Invest in an optimum end to end resourcing strategy and function to ensure you have the right people, in the right places, in the right volumes, at the right time, for the right price!

Anything else is sub-optimal and puts pressure on achieving 100% productivity in business and your stakeholders/shareholders won’t like that!

Big Idea Talent - Six Pillar Talent Lifecycle

Oh and you won’t ever finish that jigsaw!

If you would like to spend a bit of time running through the six pillar talent lifecycle model, which is one way of achieving resourcing excellence, I’m on +44 (0)7887 480142 and colin.minto@bigideatalent.com

All the best.

Colin.

Jobs are products and candidates are consumers!

man-in-a-box

I have been in sales and marketing all my working life. I even count the year on the delicatessen at Tesco in Broadbridge Heath (other supermarket chains and locations are available) as a sales role, trying to get people to buy that extra bit of cheese, ham or quiche!

Like many I fell into recruitment; for me in 1997, and I always considered job opportunities as the product we were marketing on behalf of our clients to a consumer group known as job seekers. Our job was to market, then sell, each opportunity to relevant audiences with the view to getting the very best to transact and apply. Then obviously match make with the customer.

The extra dimension of course, is the ability to then be selective as to which consumer can have the product, e.g. offer/give them the job.

I naively thought this was a mainstream understanding throughout my recruitment, online recruitment, recruitment trade association and technology vendor days, but realised when I finally turned from poacher into gamekeeper by going client side with G4S in 2009, that I was in a massive minority, in fact, I was pretty much on my own in terms of thinking this way inside a big corporate.

It represented a great opportunity for me because I started using a unique frame of reference internally. I set about building and implementing an equally unique job advertising and candidate experience platform, to market G4S’s jobs as products and give job seekers a range of benefits and valuable experiences on top of being able to transact with jobs.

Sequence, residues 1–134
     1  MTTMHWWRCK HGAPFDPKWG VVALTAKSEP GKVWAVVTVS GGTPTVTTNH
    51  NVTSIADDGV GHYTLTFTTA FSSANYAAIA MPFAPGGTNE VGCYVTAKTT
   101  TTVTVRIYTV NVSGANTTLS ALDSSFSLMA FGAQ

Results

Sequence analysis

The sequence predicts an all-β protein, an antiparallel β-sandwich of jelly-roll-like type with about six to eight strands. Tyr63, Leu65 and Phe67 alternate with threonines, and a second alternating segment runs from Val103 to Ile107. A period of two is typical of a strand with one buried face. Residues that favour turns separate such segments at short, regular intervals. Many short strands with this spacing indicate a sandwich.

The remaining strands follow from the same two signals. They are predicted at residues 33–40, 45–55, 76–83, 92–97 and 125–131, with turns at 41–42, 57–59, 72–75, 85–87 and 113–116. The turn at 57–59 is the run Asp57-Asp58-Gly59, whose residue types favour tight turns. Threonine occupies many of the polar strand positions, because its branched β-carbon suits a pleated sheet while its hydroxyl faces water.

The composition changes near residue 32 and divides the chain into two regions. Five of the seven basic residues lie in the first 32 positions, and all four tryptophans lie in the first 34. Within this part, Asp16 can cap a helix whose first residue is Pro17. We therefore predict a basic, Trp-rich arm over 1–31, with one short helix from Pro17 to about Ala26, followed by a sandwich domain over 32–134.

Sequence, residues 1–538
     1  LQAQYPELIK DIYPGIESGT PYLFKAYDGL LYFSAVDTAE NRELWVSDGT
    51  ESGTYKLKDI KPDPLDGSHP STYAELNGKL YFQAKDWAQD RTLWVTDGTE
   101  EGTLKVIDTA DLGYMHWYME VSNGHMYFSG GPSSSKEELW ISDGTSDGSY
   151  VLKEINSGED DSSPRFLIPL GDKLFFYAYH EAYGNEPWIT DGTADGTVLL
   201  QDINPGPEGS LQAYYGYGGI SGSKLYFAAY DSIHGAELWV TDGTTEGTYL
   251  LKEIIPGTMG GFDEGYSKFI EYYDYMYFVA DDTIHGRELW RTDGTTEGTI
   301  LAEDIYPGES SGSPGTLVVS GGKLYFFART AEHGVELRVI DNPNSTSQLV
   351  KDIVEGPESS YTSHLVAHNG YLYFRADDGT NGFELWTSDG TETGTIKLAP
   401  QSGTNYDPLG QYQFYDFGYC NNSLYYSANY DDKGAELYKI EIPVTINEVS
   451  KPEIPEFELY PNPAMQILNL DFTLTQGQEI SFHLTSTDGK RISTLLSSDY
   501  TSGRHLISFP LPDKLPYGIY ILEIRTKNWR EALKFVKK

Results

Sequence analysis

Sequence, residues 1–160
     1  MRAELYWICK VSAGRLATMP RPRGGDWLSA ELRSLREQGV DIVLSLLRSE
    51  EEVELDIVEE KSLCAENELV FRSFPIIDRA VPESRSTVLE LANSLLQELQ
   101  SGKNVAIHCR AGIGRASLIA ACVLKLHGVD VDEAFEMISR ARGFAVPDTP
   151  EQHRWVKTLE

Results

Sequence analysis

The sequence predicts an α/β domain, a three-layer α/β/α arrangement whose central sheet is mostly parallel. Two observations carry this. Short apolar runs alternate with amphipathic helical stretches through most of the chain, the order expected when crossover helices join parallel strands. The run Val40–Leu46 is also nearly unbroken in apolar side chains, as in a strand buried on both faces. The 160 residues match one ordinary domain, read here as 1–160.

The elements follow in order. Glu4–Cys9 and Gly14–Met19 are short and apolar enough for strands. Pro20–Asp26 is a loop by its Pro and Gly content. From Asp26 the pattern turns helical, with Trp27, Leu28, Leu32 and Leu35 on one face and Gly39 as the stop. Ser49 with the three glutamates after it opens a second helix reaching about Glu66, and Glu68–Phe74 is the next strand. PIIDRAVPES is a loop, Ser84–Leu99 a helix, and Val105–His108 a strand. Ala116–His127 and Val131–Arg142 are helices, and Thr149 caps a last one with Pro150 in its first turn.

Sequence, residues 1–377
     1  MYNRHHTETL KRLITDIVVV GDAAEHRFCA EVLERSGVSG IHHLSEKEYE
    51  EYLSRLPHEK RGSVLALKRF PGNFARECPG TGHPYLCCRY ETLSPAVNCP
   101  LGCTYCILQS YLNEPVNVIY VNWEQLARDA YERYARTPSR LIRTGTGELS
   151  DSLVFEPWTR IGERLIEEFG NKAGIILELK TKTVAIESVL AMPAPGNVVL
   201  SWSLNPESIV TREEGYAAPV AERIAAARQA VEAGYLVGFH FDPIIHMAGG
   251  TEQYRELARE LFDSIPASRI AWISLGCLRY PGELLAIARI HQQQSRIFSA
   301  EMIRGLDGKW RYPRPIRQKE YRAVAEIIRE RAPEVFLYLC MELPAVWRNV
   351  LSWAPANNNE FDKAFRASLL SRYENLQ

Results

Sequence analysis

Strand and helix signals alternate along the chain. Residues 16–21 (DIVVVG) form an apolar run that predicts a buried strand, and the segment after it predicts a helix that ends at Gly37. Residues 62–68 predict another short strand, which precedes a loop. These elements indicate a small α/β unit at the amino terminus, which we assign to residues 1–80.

The alternative frame of reference was, and still is, extremely powerful. Many talk about HR technology not being the favourite topic of HR. I get that and understand that detailed techy speak sometimes bamboozles some, so by being able to compare jobs to products, candidates to consumers and applying to transacting, you speak in a language that everyone understands.

Bit of a generalisation here, but I would hope that pretty much everyone in business knows what a brand is and that it sits predominantly with marketing. HR has developed the employer brand, so it’s obvious that HR needs to work closely with its colleagues in marketing and bring in traditional and digital marketing expertise to optimise and capitalise on the employer brand opportunity!

The EVP could be described as the key features of the product or service and the post-sales support provided. Job descriptions are the product descriptions, etc. etc. etc.

In essence the front end piece of the recruitment process is pure marketing (predominantly digital these days), which flows into the sales process, which I describe as the matchmaking role recruiters play to excite the best people to consider the role then close out the interest between all parties. Once the sale is complete, the whole deal moves into the onboarding and core HR process; you could compare these to the product/service delivery and ongoing account management phases!